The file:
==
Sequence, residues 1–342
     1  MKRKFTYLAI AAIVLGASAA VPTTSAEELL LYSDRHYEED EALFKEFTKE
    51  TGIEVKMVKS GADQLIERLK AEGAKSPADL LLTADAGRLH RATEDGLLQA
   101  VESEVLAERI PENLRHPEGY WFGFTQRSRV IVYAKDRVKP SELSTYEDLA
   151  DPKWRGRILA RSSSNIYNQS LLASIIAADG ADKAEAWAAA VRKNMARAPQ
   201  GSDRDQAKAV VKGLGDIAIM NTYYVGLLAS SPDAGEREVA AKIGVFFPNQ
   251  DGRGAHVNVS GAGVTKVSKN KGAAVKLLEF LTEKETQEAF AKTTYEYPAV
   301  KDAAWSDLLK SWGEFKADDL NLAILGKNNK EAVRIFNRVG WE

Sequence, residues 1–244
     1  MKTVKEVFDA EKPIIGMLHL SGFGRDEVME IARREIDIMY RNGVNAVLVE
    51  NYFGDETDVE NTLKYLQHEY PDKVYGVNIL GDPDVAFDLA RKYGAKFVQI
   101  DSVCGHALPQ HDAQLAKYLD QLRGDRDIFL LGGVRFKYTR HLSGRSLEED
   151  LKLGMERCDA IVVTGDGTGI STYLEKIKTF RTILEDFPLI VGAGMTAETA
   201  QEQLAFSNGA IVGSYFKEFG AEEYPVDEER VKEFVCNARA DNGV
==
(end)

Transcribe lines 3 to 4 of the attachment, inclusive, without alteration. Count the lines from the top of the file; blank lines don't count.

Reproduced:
    51  TGIEVKMVKS GADQLIERLK AEGAKSPADL LLTADAGRLH RATEDGLLQA
   101  VESEVLAERI PENLRHPEGY WFGFTQRSRV IVYAKDRVKP SELSTYEDLA